Transaction Isolation in relational databases (for better or worse) is well established. However, the issue of transaction isolation is rarely documented in RDF stores.
The ANSI SQL isolation definitions are UPDATE (write) oriented and do not capture the general use case of RDF, which has no notion of UPDATE. For example, the first ANSI SQL phenomenon, dirty-write, is not even applicable to RDF transaction. Another phenomenon, non-repeatable reads, is defined by records retrieved by a SELECT statement. However, RDF queries (unlike SQL) are pattern based and the results don't have a direct relationship to any internal data record.
Relational database isolation mechanisms do not perform nearly as well when INSERT/DELETE operations are used instead of UPDATE. Furthermore, relational databases often have a lax definition of "serializable", allowing conflicting INSERT operations (assuming that preventing conflicting UPDATE operations is sufficient).
RDF is a different beast altogether. RDF is set oriented. Two RDF transactions adding or removing the same statement do not necessarily conflict with each other, as they would in SQL, because a successful add or remove operation in RDF does not require a state change.
Early RDF use cases required full serializable transaction as many of the inferencing rules used in RDF needed to take the complete store state into account. Because of this, RDF stores generally only provide full serializable transactions. However, full serializable transactions often do not perform as well as lower isolation levels.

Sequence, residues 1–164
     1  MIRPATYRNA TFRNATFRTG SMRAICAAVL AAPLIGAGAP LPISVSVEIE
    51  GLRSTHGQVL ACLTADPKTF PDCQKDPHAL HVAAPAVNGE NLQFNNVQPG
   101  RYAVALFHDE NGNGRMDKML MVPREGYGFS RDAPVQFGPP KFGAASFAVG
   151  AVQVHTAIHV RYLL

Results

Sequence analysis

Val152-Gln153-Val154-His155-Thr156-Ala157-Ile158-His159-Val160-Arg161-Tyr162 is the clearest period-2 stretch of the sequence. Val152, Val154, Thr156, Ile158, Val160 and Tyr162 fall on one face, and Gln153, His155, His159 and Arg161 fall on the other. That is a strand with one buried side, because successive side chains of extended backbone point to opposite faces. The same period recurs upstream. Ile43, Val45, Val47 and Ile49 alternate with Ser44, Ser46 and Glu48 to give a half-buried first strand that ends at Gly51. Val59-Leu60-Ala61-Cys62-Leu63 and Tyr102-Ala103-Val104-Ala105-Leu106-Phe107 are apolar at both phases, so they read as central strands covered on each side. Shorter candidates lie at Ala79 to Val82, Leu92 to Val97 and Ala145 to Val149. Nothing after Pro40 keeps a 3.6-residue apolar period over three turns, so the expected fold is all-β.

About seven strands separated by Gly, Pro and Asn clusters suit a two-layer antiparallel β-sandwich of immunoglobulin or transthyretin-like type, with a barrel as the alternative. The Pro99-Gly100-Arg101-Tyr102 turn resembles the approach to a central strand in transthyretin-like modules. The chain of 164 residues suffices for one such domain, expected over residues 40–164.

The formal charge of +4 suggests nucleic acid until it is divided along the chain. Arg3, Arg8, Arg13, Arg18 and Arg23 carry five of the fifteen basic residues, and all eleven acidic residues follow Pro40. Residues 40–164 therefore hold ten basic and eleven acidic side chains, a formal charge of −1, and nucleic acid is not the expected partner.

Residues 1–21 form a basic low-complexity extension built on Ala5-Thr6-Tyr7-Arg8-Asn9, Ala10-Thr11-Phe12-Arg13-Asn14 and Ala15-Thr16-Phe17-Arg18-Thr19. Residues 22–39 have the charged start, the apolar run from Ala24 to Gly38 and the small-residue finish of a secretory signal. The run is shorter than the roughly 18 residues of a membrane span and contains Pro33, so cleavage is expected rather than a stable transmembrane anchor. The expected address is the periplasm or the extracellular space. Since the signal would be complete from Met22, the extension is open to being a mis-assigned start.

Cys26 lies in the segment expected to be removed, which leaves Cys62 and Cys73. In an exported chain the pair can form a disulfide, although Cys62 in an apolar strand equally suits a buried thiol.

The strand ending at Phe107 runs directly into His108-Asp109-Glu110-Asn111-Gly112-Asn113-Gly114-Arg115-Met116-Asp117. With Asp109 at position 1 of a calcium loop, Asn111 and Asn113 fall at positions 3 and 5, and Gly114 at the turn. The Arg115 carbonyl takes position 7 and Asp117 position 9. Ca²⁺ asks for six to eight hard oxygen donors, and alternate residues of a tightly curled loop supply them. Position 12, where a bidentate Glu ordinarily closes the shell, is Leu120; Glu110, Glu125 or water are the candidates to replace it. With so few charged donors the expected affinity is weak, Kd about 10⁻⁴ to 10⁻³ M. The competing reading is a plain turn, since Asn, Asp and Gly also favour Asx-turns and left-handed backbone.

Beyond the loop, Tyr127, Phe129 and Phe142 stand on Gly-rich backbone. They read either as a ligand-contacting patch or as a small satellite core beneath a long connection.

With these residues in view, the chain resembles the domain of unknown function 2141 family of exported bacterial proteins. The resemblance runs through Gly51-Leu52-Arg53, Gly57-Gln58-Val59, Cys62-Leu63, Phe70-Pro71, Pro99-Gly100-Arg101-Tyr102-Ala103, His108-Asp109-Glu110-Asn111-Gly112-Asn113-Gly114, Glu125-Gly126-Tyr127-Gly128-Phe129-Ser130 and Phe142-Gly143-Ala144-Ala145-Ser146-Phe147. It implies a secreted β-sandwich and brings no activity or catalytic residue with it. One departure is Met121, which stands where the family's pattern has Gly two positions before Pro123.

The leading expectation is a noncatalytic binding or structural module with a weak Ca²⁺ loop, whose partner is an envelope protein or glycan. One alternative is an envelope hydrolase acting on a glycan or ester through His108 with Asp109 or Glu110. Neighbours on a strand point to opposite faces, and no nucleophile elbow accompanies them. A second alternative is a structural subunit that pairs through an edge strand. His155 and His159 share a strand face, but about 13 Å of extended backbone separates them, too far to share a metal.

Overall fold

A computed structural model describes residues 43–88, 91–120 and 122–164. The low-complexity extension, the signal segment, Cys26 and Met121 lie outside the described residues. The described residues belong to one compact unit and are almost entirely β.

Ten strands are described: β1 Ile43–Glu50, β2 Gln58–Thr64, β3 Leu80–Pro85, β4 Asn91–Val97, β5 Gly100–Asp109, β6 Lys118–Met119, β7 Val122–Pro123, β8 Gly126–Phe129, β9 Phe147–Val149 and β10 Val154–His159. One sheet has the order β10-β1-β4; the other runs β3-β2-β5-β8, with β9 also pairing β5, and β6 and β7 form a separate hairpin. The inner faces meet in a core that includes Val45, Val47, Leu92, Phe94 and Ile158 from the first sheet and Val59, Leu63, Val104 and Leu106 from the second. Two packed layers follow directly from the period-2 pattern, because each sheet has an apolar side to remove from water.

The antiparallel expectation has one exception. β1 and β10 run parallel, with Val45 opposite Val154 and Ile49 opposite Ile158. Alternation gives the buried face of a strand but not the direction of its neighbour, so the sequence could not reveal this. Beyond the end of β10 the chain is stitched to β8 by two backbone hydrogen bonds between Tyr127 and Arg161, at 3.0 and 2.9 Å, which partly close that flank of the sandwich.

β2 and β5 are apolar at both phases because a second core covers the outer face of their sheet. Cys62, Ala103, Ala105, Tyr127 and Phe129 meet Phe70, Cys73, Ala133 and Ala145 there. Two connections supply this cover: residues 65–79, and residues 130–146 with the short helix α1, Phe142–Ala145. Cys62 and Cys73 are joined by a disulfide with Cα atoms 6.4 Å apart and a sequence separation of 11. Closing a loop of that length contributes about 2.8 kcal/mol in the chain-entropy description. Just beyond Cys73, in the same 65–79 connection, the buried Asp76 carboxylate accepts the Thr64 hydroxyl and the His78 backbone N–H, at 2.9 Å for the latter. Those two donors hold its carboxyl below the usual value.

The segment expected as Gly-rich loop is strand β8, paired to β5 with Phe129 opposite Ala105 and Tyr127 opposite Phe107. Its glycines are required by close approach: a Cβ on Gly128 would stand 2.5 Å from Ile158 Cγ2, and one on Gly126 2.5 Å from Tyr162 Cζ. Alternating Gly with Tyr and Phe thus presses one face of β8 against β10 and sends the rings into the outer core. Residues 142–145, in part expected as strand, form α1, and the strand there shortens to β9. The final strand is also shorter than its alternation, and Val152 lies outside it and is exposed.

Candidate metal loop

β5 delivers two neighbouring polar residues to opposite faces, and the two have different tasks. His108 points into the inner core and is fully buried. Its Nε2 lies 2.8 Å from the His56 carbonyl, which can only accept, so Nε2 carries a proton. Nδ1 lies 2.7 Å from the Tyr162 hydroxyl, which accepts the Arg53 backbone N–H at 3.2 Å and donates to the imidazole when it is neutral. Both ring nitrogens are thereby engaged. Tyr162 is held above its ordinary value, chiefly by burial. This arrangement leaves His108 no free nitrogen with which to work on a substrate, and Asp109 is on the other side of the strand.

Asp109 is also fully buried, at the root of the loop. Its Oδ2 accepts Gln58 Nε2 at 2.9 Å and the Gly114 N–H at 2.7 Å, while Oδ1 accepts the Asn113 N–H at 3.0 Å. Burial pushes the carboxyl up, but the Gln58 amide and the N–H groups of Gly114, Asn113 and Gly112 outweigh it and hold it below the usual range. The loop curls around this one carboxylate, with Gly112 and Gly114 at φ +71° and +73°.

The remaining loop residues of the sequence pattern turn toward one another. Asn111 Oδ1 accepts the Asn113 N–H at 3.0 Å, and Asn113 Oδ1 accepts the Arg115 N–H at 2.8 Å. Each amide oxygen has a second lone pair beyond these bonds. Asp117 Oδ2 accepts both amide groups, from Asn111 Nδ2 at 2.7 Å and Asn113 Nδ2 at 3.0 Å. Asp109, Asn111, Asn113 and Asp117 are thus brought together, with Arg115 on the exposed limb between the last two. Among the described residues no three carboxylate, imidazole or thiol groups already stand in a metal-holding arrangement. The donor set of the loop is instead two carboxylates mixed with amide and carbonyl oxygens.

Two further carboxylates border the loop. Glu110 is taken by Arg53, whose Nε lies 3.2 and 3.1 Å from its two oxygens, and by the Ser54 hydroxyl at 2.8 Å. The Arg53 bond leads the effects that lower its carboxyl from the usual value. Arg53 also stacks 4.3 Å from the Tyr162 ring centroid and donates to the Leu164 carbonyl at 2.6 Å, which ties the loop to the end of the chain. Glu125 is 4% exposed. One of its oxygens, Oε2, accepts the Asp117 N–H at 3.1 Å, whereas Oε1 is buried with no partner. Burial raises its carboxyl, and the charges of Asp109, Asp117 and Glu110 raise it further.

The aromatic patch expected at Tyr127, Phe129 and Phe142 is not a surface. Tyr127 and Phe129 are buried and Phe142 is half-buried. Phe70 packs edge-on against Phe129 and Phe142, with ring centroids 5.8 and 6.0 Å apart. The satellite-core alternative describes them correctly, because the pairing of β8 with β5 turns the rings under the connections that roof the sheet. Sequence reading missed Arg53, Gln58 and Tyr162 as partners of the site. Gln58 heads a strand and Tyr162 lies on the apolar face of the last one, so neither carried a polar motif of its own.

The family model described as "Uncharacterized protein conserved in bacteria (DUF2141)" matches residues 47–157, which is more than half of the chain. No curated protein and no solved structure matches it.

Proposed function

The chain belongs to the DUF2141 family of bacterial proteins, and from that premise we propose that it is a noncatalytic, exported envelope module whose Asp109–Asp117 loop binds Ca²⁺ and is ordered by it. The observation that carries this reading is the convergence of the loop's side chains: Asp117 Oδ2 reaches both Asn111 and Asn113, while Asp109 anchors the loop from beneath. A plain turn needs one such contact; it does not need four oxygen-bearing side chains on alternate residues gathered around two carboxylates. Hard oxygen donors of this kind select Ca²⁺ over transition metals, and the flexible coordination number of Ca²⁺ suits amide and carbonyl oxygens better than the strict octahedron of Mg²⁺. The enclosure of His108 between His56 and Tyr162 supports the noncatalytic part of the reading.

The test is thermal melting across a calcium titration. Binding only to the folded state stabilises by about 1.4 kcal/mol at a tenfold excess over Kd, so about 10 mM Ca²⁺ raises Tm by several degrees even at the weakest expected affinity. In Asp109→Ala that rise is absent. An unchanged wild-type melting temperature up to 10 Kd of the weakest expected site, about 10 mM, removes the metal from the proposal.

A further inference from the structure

RDF stores are now being used in environments that have a much greater, real-time demand, for fast concurrent write operations. These environments don't require full serialization, but currently lack any other isolation levels to choose from.
To address this need Sesame 3.0 introduces five isolation levels that will allow RDF stores to vary the isolation level provided. By providing different levels, significant performance improvements can be made for lower isolation levels. For example:
• Read Committed isolation level permits weak-consistency and allows proxies to cache repeated results without validation.
• Snapshot isolation level permits eventual-consistency and allows store clusters to maintain independent state and propagate the changes during idle periods.
• Serializable isolation provides a higher degree of isolation, but does not require atomic consistency, permitting concurrent transactions.
For more details on the isolation levels supported by Sesame 3.0 see:
What variations of transaction isolation have you used in your application?